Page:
Andrews Genealogy


Andrews Genealogy

The Andrews family is an old family in England. The ancestors of William Andrews are not known. Samuel Andrews, in the Court of King James, Thomas and Richard Andrews, who assisted the Plymouth Colony in 1626 to 1635, Thomas Andrews, Lord Mayor of London 1650. No direct connection has been traced from William Andrews to any of the above, but it is probable that he is of some connection of Richard and Thomas Andrews, as these names descend through his family for several generations, also the name Samuel.

The first reference to William Andrews is in a list of inhabitants of Newtown (now Cambridge, Mass.) Nov. 25, 1633. "At a meeting of the whole town, there was chosen to order the business of the whole town, for the following year, and until new be chosen, in their room- 'William Andrews'- which nine men are to have the power of the town, as those formerly chosen had, as may appear in the order made Feb. 3, 1634."

Furthermore, there was chosen and sworn, William Andrews, as constable for the following year and until a new be chosen.

In 1633 a company came from England with Rev. Dr. Thomas Hooker, a noted divine, to Newtown, now Cambridge, Mass. They arrived in Boston in Sept., 1633, in the ship Griffin. This party was the most important addition to the new Colony, since the landing of the Pilgrims Dec. 21, 1620.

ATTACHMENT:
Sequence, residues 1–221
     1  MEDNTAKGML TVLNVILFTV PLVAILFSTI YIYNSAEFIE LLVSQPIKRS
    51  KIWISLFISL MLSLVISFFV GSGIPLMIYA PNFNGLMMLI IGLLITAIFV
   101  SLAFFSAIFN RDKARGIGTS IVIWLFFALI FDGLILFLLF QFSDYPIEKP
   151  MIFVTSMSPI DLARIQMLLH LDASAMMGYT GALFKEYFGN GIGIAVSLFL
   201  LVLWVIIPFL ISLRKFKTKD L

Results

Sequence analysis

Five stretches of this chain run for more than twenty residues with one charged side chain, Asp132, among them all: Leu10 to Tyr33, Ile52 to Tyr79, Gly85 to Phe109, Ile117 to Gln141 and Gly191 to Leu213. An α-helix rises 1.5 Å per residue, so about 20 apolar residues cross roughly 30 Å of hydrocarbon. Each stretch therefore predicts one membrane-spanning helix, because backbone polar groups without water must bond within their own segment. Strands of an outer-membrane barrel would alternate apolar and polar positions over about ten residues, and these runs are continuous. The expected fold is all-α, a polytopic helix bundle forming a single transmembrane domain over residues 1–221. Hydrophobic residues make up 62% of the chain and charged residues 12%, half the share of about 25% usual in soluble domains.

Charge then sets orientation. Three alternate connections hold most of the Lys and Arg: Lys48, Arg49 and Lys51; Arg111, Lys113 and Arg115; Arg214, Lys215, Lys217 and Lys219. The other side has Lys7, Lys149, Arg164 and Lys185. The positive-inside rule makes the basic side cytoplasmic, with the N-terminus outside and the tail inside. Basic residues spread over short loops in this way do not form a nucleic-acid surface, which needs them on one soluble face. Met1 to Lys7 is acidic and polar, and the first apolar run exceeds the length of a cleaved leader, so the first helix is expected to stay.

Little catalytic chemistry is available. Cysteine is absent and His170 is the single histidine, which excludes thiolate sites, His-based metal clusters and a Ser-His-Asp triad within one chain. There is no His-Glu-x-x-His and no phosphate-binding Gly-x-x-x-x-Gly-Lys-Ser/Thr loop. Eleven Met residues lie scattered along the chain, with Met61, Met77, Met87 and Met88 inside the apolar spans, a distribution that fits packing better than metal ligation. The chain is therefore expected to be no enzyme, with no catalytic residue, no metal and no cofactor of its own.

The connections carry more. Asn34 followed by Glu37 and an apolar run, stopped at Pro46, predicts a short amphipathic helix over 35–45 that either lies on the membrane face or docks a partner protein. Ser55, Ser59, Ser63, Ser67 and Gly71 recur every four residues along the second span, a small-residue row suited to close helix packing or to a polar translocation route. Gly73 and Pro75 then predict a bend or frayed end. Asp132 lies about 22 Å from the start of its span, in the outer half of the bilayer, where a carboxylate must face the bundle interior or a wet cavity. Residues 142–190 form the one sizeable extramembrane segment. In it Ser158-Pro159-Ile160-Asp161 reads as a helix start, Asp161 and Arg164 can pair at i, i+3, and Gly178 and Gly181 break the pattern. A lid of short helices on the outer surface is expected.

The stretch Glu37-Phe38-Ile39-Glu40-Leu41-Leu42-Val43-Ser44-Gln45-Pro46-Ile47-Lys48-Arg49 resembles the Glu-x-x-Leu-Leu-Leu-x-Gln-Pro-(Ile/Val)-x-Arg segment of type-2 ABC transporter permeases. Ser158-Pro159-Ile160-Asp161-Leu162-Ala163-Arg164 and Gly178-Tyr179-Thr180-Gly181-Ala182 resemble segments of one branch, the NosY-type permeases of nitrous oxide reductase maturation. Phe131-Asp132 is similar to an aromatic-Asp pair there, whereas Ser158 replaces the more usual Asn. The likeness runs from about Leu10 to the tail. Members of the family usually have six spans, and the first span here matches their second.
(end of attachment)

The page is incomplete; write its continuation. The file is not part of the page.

The laws of the Mass. Colony limited office holding and the elected franchise, to church members only.

Such restrictions did not agree with the idea of personal liberty of the Colonists, and in 1636 one hundred of them, with their pastor, Dr. Hooker, made their way through the wilderness and settled at a point on the west bank of the Connecticut river, 95 miles southwest of Boston. They named the place Hartford, after Hertford, England. They were two weeks making the journey, arriving there about July 14, 1636. A monument erected to the memory of these pioneers, in the Center church burying ground, marks their names.

In reference to the surname Andrews, it is somewhat significant that many of the descendants of both John of Farmington and William of Hartford were called "Andrus," while this name does not appear with reference to any of the other kindred names during those days. In this connection it is curious to notice that John of Farmington, in his will, called all of his children Andrews, yet his wife, in her deed of trust, a few years later called some of them Andrews and some Andrus, but the father would have none of it. All of the children of William's son Thomas were called Andrus, and William's daughter Elizabeth is given as Andrus.

But the Christian names are more significant. John and his presumed brother, Thomas, had three children similarly named. John's daughter Rachel and Thomas's son John had three and Rachel and Thomas himself four. John and Thomas' son John had five children similarly named. John's son Benjamin and Thomas' son John had four. John's daughter Hannah and Thomas' son John had five and Hannah and Thomas himself six. John's son Daniel and Thomas had four.

Thereon is the name of William Andrews.



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